Galerie Adrien Maeght, Paris
Andros, Museum of Contemporary Art, Basil and Elise Goulandris Foundation, Glancing at the Century, 28 June - 20 September 1998, p. 54, ill. p. 55
From 1930 Georges Braque’s life finally acquired the stability and calmness that was lacking until then. He was spending half of the year at his new residence in Varengeville, Normandy, where the contact with nature rested him and the rest of the year he was staying in Paris. In Normandy, he began to take an interest in sculpture, and started creating his first engraved plasters, dedicated to gods and heroes of Greek antiquity. In Paris, he took up again an activity he had abandoned for almost twenty years: lithography.
As he did with the plasters, Braque drew again his inspiration from Greek mythology for his first engraved works. The lithograph presented here is one of the first he carried out. To achieve the expected result, he carried out the printing himself, together with the engraver. He even modified the inking during printing, a fact explaining the colour differences that can be observed from one copy to another. Braque inspired Athena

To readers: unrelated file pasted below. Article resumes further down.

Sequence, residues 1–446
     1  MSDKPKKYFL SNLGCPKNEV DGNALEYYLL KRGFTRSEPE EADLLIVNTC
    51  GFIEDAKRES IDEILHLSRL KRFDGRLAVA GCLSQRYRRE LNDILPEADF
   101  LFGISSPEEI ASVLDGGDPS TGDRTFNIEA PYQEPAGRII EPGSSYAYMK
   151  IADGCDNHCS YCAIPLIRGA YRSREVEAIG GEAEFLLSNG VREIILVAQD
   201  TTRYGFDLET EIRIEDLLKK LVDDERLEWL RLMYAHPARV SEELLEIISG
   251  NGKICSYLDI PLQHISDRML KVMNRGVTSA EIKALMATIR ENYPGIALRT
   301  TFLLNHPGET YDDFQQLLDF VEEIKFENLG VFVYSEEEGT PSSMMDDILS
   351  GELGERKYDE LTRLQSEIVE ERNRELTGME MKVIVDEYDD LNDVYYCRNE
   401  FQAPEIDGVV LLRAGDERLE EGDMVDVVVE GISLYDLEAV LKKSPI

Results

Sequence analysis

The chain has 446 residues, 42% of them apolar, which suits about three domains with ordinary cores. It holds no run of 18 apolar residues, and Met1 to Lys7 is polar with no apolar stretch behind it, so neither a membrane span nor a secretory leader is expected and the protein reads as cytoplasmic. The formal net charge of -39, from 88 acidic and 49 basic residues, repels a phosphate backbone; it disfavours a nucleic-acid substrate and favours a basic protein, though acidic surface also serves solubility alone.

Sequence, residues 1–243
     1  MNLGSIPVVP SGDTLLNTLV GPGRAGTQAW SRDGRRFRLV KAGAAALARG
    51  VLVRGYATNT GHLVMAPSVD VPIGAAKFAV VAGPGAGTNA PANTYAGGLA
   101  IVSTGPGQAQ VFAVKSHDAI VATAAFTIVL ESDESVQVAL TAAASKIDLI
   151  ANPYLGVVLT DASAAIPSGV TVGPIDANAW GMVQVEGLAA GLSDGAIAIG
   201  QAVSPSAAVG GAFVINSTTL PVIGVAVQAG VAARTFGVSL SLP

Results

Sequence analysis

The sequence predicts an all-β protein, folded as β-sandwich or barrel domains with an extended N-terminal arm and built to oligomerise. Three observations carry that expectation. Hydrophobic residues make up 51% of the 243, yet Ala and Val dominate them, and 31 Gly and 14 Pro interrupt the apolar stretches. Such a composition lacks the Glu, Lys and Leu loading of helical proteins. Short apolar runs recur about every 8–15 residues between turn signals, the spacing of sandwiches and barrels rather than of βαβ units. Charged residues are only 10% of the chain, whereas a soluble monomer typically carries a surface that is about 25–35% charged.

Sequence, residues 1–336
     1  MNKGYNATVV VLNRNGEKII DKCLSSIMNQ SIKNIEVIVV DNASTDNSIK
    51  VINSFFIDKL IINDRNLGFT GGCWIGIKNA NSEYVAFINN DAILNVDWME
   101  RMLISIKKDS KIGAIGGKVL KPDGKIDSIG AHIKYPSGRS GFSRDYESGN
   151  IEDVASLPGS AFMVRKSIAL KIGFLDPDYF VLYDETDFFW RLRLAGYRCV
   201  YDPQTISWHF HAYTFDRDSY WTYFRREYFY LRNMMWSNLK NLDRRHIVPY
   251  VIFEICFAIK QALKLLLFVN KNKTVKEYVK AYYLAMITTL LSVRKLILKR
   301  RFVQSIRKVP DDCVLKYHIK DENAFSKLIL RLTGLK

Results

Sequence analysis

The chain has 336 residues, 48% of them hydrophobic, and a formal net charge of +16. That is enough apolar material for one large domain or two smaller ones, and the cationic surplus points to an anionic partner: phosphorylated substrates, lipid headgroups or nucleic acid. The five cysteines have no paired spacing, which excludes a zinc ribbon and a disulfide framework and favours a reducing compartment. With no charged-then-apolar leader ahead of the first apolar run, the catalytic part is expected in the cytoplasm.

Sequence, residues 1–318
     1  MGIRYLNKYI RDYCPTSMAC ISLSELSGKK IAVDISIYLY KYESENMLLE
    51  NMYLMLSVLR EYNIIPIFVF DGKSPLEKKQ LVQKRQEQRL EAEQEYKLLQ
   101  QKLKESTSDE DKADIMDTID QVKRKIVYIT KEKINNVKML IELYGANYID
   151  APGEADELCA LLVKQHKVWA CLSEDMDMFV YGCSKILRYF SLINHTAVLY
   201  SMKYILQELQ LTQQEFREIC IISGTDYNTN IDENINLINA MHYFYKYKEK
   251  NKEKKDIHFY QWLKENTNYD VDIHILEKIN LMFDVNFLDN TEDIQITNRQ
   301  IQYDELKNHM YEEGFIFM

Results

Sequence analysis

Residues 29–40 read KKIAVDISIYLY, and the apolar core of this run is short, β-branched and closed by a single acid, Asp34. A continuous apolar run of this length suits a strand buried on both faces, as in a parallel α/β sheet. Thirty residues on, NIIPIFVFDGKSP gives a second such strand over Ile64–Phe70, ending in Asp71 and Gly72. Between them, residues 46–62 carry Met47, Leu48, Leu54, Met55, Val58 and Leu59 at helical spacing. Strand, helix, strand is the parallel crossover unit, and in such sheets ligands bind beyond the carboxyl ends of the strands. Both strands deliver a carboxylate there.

–or Athênê as he wished for it to be called– by an oil painting showing the same composition and the same chromatic scale, carried out in 1931. The goddess is depicted in upright posture, riding a chariot pulled by two horses, which are also shown standing only on their back feet. The lines and curves, clearly drawn, give a dynamic look to the entire work, as if the chariot was actually moving.
The composition seems to have satisfied Braque, as he would resume it, with certain differences, for other heroes as well, in the years following World War II. Persephone, Phaeton, and especially Helios, would be thus reminiscent of Athena, further enriching Braque’s dialogue with Greek mythology.